In addition to the Dorsal Attention Network, there is something called the Ventral Attention Network. The ventral attention network is one of those very difficult ot define terms because it has nodes overlapping with other named networks, like the salience network, and may include parts of the temporo-parietal junction (TPJ) and the middle frontal gyrus (MFG), inferior frontal gyrus (IFG), frontal operculum, anterior insula, and anterior cingulate gyrus. I don’t want to confuse you today by adding too many words to this soup, so I won’t go into deep detail about this network. In a past episode I discussed our attention networks, so you can see that one if you interested.
To over simplify, the middle frontal gyrus helps to hold a large amount of relevant information in a ready to access form and maintain our attention where we need to have it.
Attention can be controlled in a bottom-up way, where (for example) sensory information forces the brain to put it’s attention somewhere, and in a top-down kind of way, where the brain may suppress thoughts or sensory information in order to focus on what it thinks is relevant information. It may be that the brain needs to suppress thoughts to focus on sensory information, such as when someone interrupts you when you are in deep thought but you can’t actually comprehend what they are saying, or you are fading out after listening to someone like me drone away on this podcast. It may be the other way around, where parts of the brain need to ignore that person who is talking so that you can focus on your thoughts. It may be that you need to ignore one sensation, like pain, in order to explore another one, like sexual arrousal. The middle frontal gyrus seems to be very involved in things like this. It holds a large part of our working memory (the relevant information), helps us to switch between tasks, between competing thoughts and stimuli, and to put our focus on the most important details. With regard to laterality, the right side may be more concerned with managing the switch between top-down and bottom up control, while the left side (because of it’s proximity to our language centers) may be more concerned with meaning making.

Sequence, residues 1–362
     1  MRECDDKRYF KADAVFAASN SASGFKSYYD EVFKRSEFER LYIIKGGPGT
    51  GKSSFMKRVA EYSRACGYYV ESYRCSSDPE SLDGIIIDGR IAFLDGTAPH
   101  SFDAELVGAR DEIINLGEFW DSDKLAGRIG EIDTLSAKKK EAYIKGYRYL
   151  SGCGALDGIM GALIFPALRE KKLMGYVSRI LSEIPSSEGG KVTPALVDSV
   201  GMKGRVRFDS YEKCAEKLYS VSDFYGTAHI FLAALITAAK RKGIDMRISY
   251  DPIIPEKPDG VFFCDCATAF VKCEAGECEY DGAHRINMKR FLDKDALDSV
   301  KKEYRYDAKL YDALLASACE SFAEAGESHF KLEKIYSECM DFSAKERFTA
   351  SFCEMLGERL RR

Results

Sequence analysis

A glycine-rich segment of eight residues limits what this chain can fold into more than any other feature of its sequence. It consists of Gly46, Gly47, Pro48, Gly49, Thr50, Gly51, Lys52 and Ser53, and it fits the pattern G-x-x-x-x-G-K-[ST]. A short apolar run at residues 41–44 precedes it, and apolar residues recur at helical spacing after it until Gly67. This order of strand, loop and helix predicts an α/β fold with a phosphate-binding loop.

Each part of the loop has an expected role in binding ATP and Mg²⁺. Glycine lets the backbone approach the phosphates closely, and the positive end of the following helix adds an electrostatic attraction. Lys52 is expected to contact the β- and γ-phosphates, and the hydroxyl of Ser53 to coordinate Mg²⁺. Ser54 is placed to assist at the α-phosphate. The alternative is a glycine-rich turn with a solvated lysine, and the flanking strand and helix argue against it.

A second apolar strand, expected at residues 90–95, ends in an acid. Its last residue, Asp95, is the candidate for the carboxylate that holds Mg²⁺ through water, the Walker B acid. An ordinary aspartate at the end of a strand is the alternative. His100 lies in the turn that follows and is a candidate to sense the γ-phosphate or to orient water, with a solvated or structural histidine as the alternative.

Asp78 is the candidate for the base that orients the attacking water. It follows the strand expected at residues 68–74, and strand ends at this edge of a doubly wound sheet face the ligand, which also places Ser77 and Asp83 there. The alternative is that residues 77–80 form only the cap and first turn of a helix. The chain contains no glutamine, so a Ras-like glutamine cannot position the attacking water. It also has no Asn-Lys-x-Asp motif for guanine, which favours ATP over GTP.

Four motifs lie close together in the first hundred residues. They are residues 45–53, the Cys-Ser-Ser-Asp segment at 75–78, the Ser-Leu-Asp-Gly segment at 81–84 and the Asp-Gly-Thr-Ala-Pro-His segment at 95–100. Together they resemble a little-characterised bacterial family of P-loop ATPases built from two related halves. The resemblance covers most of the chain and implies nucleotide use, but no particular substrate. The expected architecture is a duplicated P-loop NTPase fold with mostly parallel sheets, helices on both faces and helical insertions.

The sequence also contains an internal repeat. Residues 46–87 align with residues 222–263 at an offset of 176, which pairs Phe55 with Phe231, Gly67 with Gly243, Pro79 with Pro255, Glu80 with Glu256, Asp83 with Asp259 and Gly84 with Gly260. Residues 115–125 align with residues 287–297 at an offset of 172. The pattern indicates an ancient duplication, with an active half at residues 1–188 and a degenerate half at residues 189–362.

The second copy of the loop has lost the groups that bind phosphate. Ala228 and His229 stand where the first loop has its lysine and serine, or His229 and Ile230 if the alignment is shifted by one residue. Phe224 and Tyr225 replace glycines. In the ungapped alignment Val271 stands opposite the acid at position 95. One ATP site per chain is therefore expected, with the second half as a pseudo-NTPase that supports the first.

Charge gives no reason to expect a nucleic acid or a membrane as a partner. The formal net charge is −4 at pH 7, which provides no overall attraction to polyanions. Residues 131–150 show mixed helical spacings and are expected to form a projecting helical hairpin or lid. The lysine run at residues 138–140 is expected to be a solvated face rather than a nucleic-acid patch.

To do all of this the MFG needs to be extensively connected to other distant parts of the cortex. The white matter tracts that connect to it include the superior longitudinal fasciculus, which connects the MFG to the inferior parietal lobule, posterior temporal lobe, and lateral occipital cortex. There is also a white matter tract called the inferior fronto-occipital fasciculus, which connected the MFG to the lingual gyrus and cuneus in the occipital lobes. The MFG, then is extensively connected to areas of the brain that process the meaning of sounds and language, as well as visual and spatial information. But it doesn’t end there. The middle gyrus also has these u-shaped connections with cortical neighbors. In this way, the brain is able to keep information like the identity, location, time-relationships, social importance, symbolic meaning, literal meaning, conflicts with other information, etc all together at once. Hence, it is necessary for cognitive flexibility, the ability to consider multiple relevant options, even conflicting ones, make decisions, and plan actions.